This will be a breath of fresh air for businesses transferring in employees who find themselves overwhelmingly bound by terms and conditions that they had no involvement in setting.

  1. What does the sixth change refer to?

The sixth change refers to dismissals and/or redundancies due to the transfer. An employee will be automatically unfairly dismissed if the sole or principle reason for the dismissal is the transfer.

Previously the regulations specifically stated that dismissing for a reason ‘connected with the transfer’ would trigger automatic unfair dismissal too, therefore the regulations have relaxed this area ever so slightly.

However care should be taken! If you have any doubt, please do always give us a call and we would be only too happy to talk you through it in practical terms, you can also refer to page 11 of the ACAS booklet.

  1. What is the seventh change?

Redundancy consultation can begin before the transfer if both employers agree. Redundancy and TUPE consultation can therefore run concurrently. This is a positive change in our book, as it enables employees to be informed and consulted about what is going on as soon as possible, rather than being forced to wait for the conclusion of the TUPE process.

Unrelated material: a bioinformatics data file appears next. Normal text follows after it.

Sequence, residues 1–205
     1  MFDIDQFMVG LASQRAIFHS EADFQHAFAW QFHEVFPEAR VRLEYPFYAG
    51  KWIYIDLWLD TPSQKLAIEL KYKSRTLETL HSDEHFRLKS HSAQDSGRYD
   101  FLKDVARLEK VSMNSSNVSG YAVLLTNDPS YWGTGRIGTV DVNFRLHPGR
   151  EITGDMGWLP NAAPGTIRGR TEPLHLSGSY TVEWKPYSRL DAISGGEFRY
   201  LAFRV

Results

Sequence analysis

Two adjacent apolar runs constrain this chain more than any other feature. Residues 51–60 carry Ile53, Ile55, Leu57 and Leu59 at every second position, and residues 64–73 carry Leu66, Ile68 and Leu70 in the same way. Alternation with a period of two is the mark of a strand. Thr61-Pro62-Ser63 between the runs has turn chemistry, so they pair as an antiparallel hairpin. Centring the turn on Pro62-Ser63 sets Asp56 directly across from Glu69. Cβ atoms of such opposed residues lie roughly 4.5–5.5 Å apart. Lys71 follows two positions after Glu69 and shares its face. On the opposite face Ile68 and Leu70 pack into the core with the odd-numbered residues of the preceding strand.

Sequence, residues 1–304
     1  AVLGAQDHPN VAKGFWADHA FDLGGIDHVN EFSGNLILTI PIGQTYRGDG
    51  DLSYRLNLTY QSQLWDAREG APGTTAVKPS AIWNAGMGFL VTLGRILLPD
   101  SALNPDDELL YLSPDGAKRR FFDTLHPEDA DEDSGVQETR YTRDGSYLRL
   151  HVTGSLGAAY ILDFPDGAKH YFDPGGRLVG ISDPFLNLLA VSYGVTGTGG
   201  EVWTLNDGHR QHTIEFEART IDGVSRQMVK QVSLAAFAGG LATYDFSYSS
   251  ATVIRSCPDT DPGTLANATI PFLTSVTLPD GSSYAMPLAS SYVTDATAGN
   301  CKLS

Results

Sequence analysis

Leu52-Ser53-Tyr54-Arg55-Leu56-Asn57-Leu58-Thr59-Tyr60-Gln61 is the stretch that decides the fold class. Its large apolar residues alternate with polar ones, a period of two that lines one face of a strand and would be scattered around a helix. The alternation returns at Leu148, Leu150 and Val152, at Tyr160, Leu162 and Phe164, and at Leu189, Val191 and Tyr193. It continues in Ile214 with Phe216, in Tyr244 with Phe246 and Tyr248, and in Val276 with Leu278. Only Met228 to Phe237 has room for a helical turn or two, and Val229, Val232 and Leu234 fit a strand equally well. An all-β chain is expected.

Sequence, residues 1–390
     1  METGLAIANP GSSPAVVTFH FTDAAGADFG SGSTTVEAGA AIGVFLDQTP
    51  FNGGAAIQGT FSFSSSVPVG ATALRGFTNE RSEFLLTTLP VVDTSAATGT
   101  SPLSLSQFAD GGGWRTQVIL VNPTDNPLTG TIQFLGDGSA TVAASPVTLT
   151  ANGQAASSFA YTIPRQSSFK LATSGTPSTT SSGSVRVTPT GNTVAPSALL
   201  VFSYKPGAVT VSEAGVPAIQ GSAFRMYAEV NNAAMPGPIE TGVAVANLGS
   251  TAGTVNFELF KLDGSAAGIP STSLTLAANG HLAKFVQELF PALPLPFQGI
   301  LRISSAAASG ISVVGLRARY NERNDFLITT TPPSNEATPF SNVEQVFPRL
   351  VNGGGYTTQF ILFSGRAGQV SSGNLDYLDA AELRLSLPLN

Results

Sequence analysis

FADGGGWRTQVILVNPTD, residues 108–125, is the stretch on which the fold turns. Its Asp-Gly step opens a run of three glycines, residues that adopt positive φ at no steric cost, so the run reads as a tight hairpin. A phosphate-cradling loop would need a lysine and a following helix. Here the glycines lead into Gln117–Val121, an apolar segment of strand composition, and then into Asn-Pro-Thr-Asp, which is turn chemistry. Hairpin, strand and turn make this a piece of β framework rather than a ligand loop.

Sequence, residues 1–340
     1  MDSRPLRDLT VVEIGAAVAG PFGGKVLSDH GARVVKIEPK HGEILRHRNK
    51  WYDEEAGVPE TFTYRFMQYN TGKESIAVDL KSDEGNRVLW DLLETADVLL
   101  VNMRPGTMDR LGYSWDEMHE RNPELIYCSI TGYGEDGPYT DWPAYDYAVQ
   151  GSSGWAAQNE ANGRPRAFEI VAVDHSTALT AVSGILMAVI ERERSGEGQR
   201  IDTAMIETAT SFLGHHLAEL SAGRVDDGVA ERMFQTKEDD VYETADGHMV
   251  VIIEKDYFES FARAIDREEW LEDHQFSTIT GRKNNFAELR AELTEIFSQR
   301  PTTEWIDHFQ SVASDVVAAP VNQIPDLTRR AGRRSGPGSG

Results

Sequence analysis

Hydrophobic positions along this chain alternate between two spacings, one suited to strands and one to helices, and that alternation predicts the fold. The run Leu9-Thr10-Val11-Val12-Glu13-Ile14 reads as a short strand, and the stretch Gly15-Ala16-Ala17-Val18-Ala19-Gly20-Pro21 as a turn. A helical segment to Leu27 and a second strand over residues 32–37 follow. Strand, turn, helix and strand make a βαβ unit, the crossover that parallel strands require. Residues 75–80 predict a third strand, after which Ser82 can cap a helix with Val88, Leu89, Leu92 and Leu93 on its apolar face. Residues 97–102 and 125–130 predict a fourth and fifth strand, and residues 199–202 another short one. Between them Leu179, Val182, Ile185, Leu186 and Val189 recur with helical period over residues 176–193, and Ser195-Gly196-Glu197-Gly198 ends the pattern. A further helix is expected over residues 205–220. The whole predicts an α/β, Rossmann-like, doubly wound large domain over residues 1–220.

However, please beware! Employers should not make selection for redundancy before the transfer takes place.

  1. What does the eighth change refer to?

The eighth change refers to employee liability information.

Information about transferring employers should be given earlier. It was previously 14 days before the transfer, now it should be no less than 28 days before the transfer. On so many occasions, we see key data being transferred at too late a stage to an incoming employer therefore these regulations should give businesses more piece of mind that they will get the data they need.

Unlike the other changes, these amendments apply to transfers which take place on or after 1 May 2014.

  1. Finally what is change nine?

Thankfully, a common sense approach has been adopted to the ninth change, in that businesses with fewer than 10 employees are not required to invite the election of representatives for consultation purposes if no existing arrangements are in place. This should help reduce needless process steps and paperwork for smaller businesses where employee numbers are so small that they are unlikely to need or want staff representation.

Unlike the other changes, these amendments apply to transfers which take place on or after 31 July 2014.

Have a question we haven’t answered? Is your head still in a spin with the complexity of it all? Then please contact us!

TUPE remains an absolute minefield and we recommend that you always seek advice before action is taken.

The information contained within this article is for general guidance only and represents our understanding of employment and associated law and employee relations issues as at the date of publication. Jaluch Limited, or any of its directors or employees, cannot be held responsible for any action or inaction taken in reliance upon the contents. Specific advice should be sought on all individuals matters.